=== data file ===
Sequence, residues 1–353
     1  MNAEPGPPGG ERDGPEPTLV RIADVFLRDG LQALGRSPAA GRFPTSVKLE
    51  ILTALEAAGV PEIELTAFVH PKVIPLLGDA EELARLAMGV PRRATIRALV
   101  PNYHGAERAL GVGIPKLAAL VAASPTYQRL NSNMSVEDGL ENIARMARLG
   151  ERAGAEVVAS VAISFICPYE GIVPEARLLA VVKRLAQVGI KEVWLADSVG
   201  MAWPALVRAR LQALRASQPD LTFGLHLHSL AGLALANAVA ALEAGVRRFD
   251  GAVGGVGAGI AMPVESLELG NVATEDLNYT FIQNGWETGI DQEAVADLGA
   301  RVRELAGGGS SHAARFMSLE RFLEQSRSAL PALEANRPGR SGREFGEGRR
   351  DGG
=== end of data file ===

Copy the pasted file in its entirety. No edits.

Sequence, residues 1–353
     1  MNAEPGPPGG ERDGPEPTLV RIADVFLRDG LQALGRSPAA GRFPTSVKLE
    51  ILTALEAAGV PEIELTAFVH PKVIPLLGDA EELARLAMGV PRRATIRALV
   101  PNYHGAERAL GVGIPKLAAL VAASPTYQRL NSNMSVEDGL ENIARMARLG
   151  ERAGAEVVAS VAISFICPYE GIVPEARLLA VVKRLAQVGI KEVWLADSVG
   201  MAWPALVRAR LQALRASQPD LTFGLHLHSL AGLALANAVA ALEAGVRRFD
   251  GAVGGVGAGI AMPVESLELG NVATEDLNYT FIQNGWETGI DQEAVADLGA
   301  RVRELAGGGS SHAARFMSLE RFLEQSRSAL PALEANRPGR SGREFGEGRR
   351  DGG